When it comes to grits, Sacramento is a world away from the Deep South, where this creamy, corn-based comfort food is as common as barbecued brisket and butter on biscuits.
Still, grits are finding their way onto more restaurant menus in these parts. Sometimes they're called polenta. Sometimes they're called grits.
Either way, once foodies give them a taste, they're apt to start, ahem, grinnin' like a possum eatin' a sweet tater.
This blue-collar Southern staple is not only delicious and soothing, around here it tends to inspire a certain exotic-meets-artisan cachet.
We're not just doing any ol' grits. In some ways, the grits in Northern California are fresher, richer, creamier and tastier than what you'll commonly find south of the Mason-Dixon. Whether made from hominy corn or standard hard corn, the foundation of grits is cornmeal ground anywhere from coarse to fine and then cooked quickly with water or milk.
Artisan grits? You guessed it. Thanks to small specialty farms, the hard corn that's grown locally for cornmeal is getting rave reviews for its flavor and texture.
You can find grits made from heirloom corn at Magpie Café, where owner-chef Ed Roehr created one recent breakfast dish using eggs and grits sourced from the same organic grower – Kingbird Farms outside Galt.
"Breakfast is new for us," said Roehr, whose kitchen is among the most respected in town. "We've just been doing it since the beginning of the year. But grits suit our style. It's a Magpie thing."
In recent months in my role as restaurant critic, I've noticed grits turning up on menus at some of the most dynamic restaurants in town. Besides the smooth and mildly flavored grits at Magpie, I have tasted them at Mama Kim Eats, Hook & Ladder, Taylor's Kitchen and The Porch. They're also on the menu at Hoppy Brewing, which serves "spicy Georgia cheesy grits" with eggs. In Nevada City, Ike's Quarter Cafe is big on grits.
"We love them," said Kim Scott, co-owner of Mama Kim Eats, which offers a New South-Cajun fusion cuisine. "We get a lot of people from the South who come in specifically because of the grits."
The grits at Mama Kim's, like those at several other top restaurants in the area, come from Grass Valley Grains, where farmer Reed Hamilton grows a small selection of crops on 50 acres and then grinds the corn into fresh cornmeal.
"It wasn't a deliberate sort of thing," Hamilton said of the mini boom his grits have enjoyed. "All of my stuff is very fresh, and there has been this wave of interest."
Looking to sell his cornmeal wholesale, Hamilton contacted Jim Mills, the sales manager at Produce Express. Mills has become practically evangelical when it comes to touting the wonders of local, sustainable and heirloom crops.
"We've gone from selling 20 pounds a month to 300 pounds a month," Mills said of the grits. "That doesn't sound like a lot, but two years ago we didn't even have this product."
Mills says there is little if any difference between polenta and the California version of grits. In the South, traditional grits are made from hominy, which is corn treated with lye and dried before it is ground.
I lived in the South for more than a decade and have eaten grits of varying quality and texture. Sometimes they're bland and dry. Sometimes they're buttery and decadent and practically oozing flavor.
"The corn can yield polenta if you're in Italy and grits if you're in the South," Mills said with a chuckle. "The uptick in interest here is because of the local flour. I was able to offer restaurants a local corn flour – and that started the whole thing."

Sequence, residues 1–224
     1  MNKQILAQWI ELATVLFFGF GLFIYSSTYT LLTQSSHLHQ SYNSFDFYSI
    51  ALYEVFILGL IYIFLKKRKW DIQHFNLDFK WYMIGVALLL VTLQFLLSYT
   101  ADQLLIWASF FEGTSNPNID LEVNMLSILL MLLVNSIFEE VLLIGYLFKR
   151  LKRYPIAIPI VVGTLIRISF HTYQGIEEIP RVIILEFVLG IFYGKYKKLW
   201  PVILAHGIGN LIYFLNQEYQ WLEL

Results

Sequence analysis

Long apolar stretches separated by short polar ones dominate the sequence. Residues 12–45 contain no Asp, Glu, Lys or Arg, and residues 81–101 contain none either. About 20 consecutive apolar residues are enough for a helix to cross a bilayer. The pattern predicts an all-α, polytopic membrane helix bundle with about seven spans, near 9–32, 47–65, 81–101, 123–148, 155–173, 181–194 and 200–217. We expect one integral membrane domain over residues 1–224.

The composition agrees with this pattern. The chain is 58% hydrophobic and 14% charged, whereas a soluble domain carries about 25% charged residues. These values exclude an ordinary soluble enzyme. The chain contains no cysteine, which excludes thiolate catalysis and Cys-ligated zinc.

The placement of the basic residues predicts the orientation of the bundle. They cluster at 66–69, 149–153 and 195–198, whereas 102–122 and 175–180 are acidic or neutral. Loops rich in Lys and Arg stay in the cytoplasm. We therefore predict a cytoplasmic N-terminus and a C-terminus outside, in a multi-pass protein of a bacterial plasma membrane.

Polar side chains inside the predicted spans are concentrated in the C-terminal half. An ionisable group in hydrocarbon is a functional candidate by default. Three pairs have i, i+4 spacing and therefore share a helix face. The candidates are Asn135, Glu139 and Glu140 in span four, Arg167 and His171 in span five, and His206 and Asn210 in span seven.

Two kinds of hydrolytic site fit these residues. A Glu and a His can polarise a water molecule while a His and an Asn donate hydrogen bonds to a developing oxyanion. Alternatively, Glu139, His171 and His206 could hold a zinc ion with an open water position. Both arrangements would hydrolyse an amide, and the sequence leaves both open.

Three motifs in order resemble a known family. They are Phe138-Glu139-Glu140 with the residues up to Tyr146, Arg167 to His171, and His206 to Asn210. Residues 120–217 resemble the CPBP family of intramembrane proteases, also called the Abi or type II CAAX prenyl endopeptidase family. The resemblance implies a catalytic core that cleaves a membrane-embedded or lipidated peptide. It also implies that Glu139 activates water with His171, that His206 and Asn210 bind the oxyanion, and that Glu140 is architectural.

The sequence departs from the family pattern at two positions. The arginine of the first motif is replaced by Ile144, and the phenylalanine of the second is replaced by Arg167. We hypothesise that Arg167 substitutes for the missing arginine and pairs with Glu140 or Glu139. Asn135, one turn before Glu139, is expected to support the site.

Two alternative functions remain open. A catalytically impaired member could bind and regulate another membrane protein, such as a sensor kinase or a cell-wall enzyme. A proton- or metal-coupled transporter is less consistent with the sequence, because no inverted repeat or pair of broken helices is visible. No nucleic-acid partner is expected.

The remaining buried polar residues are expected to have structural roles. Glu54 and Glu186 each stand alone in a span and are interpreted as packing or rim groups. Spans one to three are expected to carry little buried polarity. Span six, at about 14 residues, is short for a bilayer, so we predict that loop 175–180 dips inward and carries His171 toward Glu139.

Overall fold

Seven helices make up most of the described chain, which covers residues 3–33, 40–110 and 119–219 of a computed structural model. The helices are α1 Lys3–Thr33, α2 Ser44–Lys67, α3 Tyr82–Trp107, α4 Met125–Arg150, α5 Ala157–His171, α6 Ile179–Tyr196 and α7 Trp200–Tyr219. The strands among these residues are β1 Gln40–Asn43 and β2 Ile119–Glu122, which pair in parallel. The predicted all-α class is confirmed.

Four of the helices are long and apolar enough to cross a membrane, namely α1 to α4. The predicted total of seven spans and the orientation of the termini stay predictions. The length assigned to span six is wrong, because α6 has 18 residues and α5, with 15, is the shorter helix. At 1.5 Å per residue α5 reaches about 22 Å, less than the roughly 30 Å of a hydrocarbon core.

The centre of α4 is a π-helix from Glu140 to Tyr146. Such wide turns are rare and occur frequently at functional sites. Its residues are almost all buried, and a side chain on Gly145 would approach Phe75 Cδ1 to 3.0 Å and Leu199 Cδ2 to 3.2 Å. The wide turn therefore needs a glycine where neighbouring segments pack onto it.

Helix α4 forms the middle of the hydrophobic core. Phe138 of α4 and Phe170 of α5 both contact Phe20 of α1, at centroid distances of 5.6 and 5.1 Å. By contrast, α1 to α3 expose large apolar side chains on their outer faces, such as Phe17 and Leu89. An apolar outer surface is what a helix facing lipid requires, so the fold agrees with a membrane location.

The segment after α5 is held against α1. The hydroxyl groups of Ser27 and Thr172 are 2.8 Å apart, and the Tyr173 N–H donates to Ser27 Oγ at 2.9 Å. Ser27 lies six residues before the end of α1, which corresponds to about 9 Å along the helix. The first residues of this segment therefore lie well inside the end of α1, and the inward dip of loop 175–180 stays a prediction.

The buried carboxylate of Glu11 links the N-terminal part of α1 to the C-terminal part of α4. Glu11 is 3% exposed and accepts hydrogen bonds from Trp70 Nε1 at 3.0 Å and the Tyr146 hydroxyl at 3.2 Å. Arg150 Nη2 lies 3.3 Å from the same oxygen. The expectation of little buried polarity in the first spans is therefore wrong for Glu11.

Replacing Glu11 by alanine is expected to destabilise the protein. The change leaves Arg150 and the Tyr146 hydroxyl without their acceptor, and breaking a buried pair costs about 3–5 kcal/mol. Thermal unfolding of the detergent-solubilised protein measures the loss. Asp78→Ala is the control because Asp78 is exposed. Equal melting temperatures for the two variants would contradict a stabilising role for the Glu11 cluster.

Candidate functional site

Indeed, more restaurants than ever are embracing the farm-to-table ethos, which celebrates local ingredients, often with a story about the farms, the farmers and the lineage of the produce.
The corn grown at Kingbird Farms, according to owner Mike Eaton, is an heirloom varietal of hard red corn called Floriania, which had been shipped to Italy in the 1600s and through the years was presumed lost, only to be rediscovered by the folks at Oliveto Restaurant in Oakland. Eaton obtained some seeds and planted a small plot for cornmeal.
One reason for the newfound prominence of grits is not only their freshness but how they offer a mild-tasting foundation for creative chefs to add layers of complementary flavors.
"Grits are just amazing, and they're versatile," said Ike Frazee of Ike's Quarter Cafe. "They're rich, warm, buttery and have great flavor."
At Ike's, one of the favorite options is to add something called the "debris" – a mix of five different meats. Frazee also likes to go the sweet route, adding brown sugar to the grits and eating them more like porridge or oatmeal.
At Bacon and Butter, a midtown Sacramento restaurant that boasts some of the best breakfast cooking going, owner-chef Billy Zoellin has featured polenta on his menus and is waiting for figs to come into season before he showcases his take on a grits dish.
As Zoellin sees it, his grits dish will include maple syrup, mascarpone cheese, local figs and will be finished with a balsamic reduction. And no doubt bacon and butter will work with grits, too.
The nitty-gritty of grits
Grits look and feel like porridge or cream of wheat, but they have a distinctive mild corn flavor and for generations have been a staple in the Deep South.
Grits, which can be white or yellow, are made with cornmeal – sometimes ground from hominy, sometimes from regular hard corn.
Owner-chef Ed Roehr of Magpie Café offers this tip for home cooks: As you sift the cornmeal into the water or milk, choose a direction in which to stir the whisk and stick with it. This will ensure smooth, consistent stirring and will limit the likelihood of dreaded lumpy grits.
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Call The Bee's Blair Anthony Robertson, (916) 321-1099. Follow him on Twitter @blarob.